Annoy a Southerner, and we will drain away the moments of your life with our slow, detailed replies until you are nothing but a husk of your former self and that much closer to death. p.25I'm always wary of non-Southerners writing about teens (or really anyone) from Louisiana. Sometimes it's hard to get right. And I love Maureen Johnson so I wanted her to get it right. But the thing about Rory is that she is less Louisianan and more Southerner and more teen than all of that. And she is a definite fish out of water at her Wexford. But she manages with the help of her new friends. The thing about Rory is that she just sort of goes along, just doing what everyone tells her. She was a little blank for a main character. I guessing she is suppose to act as proxy for the reader and that would explain it.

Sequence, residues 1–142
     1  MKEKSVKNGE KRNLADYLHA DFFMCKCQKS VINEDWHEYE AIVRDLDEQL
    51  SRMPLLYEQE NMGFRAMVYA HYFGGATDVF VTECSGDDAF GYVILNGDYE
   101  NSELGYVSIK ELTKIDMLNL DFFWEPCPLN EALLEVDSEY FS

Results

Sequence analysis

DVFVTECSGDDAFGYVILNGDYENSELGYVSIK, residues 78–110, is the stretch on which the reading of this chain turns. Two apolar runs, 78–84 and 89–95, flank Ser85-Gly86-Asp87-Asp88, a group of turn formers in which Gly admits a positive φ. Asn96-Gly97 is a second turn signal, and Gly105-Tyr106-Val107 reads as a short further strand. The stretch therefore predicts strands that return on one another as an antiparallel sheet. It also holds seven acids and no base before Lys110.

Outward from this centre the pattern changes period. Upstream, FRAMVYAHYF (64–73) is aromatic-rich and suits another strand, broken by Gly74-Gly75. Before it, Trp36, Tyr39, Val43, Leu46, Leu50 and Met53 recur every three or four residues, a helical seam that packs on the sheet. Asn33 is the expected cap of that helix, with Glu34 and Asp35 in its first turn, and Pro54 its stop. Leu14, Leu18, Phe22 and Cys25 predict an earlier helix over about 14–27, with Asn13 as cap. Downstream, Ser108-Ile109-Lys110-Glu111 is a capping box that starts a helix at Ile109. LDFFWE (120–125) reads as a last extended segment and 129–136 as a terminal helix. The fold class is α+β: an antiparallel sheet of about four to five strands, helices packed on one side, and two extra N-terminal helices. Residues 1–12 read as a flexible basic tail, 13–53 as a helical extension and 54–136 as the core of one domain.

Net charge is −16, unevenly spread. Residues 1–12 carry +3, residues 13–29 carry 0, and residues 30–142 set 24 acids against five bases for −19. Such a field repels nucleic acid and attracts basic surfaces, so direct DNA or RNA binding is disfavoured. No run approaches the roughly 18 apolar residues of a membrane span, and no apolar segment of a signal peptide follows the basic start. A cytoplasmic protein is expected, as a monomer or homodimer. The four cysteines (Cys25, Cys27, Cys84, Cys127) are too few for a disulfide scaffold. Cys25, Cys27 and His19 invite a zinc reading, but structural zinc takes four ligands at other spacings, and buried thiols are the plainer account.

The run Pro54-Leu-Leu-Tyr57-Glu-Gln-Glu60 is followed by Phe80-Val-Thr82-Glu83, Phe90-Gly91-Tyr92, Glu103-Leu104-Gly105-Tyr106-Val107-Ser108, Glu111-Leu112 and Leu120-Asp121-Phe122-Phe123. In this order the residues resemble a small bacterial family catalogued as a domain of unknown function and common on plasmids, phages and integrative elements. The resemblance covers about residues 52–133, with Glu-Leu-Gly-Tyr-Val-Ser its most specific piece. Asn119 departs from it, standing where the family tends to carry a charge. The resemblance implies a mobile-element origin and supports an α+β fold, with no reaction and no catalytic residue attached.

But beyond Rory, the story definitely fell on the creepy side of the line. So much so that I refused to read it before bed as I like sleeping and not dreaming of murders or imagining ghosts in the dark corners of my room. I don't know much about Jack the Ripper so I did a little research after I started. The background is explained but I like to know before I start. I liked the introduction to the mystery and I liked the twist in the middle that changed the story. It made it different. I was actually surprised that by whodunit and thought it was set up nicely though the info dump at the end was a little too much. The set up for the next book was unique and I'm excited to see what happens to Rory in the next book.